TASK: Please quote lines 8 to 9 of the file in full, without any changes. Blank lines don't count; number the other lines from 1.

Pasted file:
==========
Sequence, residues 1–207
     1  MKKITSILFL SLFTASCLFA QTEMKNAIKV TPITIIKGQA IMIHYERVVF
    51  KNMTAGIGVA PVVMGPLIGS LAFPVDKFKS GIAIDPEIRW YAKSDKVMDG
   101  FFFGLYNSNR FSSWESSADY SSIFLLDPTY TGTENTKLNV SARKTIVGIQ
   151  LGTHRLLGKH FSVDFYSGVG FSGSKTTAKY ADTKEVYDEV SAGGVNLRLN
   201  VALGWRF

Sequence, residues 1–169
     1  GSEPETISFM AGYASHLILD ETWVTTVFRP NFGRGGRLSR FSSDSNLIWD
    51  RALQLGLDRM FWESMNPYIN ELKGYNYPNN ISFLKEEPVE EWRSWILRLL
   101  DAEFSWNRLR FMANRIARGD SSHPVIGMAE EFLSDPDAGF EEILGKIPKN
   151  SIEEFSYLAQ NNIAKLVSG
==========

     1  GSEPETISFM AGYASHLILD ETWVTTVFRP NFGRGGRLSR FSSDSNLIWD
    51  RALQLGLDRM FWESMNPYIN ELKGYNYPNN ISFLKEEPVE EWRSWILRLL